Ptolemy's Theorem

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Ptolemy's theorem

[′täl·ə·mēz ‚thir·əm]
(mathematics)
The theorem that a necessary and sufficient condition for a convex quadrilateral to be inscribed in a circle is that the sum of the products of the two pairs of opposite sides equal the product of the diagonals.
McGraw-Hill Dictionary of Scientific & Technical Terms, 6E, Copyright © 2003 by The McGraw-Hill Companies, Inc.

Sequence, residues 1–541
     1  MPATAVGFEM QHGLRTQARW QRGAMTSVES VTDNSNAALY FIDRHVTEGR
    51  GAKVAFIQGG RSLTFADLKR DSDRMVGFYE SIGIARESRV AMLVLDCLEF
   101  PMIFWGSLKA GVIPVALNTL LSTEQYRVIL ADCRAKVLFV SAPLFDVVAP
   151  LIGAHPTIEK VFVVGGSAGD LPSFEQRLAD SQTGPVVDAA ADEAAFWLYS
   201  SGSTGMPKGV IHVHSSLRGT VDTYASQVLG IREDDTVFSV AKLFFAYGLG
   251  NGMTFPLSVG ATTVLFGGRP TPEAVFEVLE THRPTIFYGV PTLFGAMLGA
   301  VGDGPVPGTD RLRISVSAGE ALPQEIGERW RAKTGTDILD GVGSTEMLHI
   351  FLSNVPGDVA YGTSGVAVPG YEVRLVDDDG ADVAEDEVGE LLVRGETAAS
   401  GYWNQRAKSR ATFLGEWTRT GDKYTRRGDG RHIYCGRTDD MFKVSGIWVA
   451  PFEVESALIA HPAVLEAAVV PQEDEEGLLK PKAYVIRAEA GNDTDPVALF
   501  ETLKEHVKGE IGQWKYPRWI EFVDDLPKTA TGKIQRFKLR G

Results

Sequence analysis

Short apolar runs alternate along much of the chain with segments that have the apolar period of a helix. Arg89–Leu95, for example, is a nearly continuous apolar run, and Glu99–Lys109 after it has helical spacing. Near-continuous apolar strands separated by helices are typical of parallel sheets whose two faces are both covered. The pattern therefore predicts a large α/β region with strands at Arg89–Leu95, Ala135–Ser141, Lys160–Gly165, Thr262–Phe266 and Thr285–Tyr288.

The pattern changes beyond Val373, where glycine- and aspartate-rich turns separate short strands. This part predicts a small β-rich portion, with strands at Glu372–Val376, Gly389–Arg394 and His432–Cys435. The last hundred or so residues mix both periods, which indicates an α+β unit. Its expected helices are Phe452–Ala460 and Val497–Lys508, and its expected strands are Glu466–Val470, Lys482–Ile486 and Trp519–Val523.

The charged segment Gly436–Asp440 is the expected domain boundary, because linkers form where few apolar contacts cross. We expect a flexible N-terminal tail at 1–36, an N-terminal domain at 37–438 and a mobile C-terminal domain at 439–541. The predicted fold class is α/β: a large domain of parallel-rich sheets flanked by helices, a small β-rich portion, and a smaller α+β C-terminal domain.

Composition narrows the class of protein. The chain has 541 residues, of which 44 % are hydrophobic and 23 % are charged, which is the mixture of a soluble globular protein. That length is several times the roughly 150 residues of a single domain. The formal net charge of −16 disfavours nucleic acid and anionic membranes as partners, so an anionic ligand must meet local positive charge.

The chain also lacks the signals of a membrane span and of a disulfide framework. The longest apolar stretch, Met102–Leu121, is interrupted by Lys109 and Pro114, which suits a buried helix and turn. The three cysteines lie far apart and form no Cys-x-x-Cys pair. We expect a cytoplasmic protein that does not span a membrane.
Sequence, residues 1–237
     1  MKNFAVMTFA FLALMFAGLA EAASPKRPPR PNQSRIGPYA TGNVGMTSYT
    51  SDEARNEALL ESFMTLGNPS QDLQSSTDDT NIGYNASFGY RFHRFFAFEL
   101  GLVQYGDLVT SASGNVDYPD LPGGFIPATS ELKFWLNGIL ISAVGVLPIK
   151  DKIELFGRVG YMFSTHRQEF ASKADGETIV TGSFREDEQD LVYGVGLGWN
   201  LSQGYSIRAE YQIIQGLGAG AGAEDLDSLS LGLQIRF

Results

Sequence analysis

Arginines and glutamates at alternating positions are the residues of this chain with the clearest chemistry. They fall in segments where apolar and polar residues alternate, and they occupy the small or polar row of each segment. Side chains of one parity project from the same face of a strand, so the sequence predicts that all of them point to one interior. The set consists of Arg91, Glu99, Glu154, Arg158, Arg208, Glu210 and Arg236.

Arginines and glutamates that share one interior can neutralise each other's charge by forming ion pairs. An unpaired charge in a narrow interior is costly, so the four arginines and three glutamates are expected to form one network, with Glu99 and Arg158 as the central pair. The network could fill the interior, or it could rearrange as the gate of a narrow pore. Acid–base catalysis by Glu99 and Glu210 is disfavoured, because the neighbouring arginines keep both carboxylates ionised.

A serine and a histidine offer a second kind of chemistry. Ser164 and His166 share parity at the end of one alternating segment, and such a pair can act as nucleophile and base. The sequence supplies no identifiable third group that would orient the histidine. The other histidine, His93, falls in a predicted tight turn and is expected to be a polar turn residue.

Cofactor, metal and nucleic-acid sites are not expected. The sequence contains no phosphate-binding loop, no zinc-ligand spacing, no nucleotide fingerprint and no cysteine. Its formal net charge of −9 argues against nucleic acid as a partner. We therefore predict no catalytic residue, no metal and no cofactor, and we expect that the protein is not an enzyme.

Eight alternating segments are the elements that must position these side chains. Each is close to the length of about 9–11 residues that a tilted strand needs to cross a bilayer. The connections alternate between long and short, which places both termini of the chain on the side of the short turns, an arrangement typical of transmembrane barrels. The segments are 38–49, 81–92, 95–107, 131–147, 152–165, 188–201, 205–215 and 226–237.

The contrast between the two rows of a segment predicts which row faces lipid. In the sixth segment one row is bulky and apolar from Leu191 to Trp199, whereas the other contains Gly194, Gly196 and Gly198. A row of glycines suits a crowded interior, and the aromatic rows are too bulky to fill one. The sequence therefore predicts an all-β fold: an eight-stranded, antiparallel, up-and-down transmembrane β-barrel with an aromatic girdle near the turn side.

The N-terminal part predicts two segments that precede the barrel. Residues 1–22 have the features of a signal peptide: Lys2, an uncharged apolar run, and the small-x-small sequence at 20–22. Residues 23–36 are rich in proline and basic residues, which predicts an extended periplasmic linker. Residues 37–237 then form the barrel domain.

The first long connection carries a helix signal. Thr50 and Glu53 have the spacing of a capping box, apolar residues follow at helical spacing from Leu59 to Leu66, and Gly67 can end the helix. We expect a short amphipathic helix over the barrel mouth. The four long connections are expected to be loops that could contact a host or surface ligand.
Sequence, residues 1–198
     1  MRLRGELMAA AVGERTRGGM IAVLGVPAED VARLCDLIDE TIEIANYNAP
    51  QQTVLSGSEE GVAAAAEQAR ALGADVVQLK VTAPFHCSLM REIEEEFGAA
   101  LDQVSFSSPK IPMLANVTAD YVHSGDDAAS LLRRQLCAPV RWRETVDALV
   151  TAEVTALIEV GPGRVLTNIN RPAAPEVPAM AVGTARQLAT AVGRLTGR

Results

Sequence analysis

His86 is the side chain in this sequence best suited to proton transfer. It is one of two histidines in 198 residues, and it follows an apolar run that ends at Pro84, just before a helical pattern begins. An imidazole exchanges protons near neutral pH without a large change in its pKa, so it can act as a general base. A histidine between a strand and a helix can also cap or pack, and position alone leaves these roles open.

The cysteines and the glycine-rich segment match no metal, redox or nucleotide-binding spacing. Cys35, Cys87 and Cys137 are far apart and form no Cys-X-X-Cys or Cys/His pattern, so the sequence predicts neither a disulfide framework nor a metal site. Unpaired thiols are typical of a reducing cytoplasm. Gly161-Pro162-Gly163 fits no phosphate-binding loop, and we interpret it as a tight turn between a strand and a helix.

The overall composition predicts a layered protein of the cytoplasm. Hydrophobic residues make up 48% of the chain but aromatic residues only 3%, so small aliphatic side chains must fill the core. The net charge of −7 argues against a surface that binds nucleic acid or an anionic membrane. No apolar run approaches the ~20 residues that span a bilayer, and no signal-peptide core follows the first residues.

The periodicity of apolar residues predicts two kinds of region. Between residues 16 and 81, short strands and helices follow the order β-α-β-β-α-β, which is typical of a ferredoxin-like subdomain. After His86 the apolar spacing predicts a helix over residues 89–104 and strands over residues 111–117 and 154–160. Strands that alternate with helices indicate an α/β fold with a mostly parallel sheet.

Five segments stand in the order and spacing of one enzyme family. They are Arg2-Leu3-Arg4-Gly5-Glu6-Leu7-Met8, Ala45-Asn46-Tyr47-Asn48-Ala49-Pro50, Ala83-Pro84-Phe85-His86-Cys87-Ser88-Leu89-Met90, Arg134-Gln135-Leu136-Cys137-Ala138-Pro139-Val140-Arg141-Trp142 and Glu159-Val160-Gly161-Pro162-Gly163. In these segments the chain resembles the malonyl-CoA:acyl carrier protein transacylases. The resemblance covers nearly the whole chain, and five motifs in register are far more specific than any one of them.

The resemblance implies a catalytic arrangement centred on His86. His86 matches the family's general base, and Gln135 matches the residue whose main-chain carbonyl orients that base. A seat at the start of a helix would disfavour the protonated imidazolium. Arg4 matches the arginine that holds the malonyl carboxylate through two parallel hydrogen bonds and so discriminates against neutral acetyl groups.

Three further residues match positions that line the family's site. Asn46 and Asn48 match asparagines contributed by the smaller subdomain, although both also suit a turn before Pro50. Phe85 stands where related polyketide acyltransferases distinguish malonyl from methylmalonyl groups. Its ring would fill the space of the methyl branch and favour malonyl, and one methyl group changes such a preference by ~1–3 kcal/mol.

The following article is from The Great Soviet Encyclopedia (1979). It might be outdated or ideologically biased.

Ptolemy’s Theorem

 

the theorem of elementary geometry asserting that the product of the lengths of the diagonals of a quadrangle inscribed in a circle is equal to the sum of the products of the lengths of the opposite sides. The theorem was proved by Ptolemy in the second century.

The Great Soviet Encyclopedia, 3rd Edition (1970-1979). © 2010 The Gale Group, Inc. All rights reserved.